Nikolas Delis isn't hesitant to describe his entrepreneurial plan — a system for automatically transporting cars to the closest available spot in a parking garage — as a potential billion-dollar business.

But it may be awhile until Nikolas can pursue his grand idea.

He's a fourth grader at Orland Park's Meadow Ridge School, so his company, Plentiful Parking, and ambitious plan, both created for an enrichment class, are essentially hypothetical.

But a panel of entrepreneurs — brought in to hear Nikolas and his classmates pitch their products and business plans as if they were seeking funding from investors — said they were impressed nonetheless.

"They've written a business and market plan. When we quiz them, they're never stuck for an answer. It's just a terrific thing," said David Lebowitz, a mentor with The SCORE Association, a nonprofit that provides business mentoring.

That doesn't mean that all their products are market-ready, but Lebowitz and the students' teacher, Lauren Musielewicz, said the children are still learning to think like entrepreneurs.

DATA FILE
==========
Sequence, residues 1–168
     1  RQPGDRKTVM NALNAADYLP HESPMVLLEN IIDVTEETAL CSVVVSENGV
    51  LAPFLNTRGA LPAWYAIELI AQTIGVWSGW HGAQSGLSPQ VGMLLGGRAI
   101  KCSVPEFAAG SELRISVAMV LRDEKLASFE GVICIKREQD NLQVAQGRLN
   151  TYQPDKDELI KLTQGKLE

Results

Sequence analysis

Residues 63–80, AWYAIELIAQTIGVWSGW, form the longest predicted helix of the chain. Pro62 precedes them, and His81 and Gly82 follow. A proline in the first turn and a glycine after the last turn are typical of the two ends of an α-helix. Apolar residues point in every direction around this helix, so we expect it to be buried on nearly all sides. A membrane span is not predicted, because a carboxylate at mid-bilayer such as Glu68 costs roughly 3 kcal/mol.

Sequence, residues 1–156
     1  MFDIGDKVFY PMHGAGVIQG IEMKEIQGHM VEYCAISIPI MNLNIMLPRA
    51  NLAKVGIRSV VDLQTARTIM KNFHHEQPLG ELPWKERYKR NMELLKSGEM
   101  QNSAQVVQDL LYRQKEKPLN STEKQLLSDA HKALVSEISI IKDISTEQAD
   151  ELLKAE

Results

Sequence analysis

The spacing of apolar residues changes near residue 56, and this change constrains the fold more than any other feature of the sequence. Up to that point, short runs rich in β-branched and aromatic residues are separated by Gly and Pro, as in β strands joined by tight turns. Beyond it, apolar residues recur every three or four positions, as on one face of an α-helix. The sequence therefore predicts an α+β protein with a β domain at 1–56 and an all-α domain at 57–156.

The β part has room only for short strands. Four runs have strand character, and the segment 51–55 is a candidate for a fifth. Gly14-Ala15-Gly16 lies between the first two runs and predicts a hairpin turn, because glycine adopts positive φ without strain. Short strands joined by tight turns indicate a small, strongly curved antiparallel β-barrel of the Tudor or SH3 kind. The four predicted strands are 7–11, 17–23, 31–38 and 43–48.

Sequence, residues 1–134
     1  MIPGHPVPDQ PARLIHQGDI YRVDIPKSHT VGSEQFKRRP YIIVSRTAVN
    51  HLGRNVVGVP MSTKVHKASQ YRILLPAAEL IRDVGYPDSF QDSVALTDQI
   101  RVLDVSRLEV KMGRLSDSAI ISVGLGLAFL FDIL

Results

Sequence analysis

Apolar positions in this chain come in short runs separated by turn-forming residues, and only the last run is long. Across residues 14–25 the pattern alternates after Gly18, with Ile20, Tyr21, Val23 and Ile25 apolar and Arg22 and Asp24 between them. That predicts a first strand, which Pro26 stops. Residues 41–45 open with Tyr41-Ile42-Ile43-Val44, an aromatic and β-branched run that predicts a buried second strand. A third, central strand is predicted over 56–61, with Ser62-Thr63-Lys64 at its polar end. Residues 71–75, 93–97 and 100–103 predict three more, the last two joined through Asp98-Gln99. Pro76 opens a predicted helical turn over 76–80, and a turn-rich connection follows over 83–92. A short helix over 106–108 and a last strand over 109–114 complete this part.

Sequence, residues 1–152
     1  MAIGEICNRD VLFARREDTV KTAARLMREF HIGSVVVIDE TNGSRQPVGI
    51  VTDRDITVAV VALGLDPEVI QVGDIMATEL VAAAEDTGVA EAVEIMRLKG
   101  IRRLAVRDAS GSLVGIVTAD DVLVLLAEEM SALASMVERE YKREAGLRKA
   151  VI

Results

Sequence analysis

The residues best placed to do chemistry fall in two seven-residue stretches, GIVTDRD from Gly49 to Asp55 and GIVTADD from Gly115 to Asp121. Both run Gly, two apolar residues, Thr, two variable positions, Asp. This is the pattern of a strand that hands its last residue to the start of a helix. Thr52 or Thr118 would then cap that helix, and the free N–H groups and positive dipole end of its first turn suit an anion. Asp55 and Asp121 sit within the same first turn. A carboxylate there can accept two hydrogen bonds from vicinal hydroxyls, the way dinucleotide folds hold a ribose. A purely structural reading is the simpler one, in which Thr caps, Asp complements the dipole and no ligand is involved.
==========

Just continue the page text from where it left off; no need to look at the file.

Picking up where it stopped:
The recent expo, where each student got to show off the business idea and prototype they developed, was part of an annual program for fourth graders in Meadow Ridge's "Regionomics" enrichment course, which introduces students to economic concepts while they learn about regions of the U.S. in other classes, Musielewicz said.

"Because economics can be such a scary word, one of the major things I try to make sure they understand is that economics is really about decision making," Musielewicz said. "I think it is surprising to people we start so young with economic concepts, but students rise to the challenge."

After learning about profit and loss and supply and demand, it's the kids' turn to use what they learned to create a product and business plan, she said.

Several students' products seemed to come from personal experience. Lily Faulds, 10, said she got the idea for the All-Season Snuggler, an adjustable-weight blanket, after wishing for covers that never left her too hot or too cold while she slept.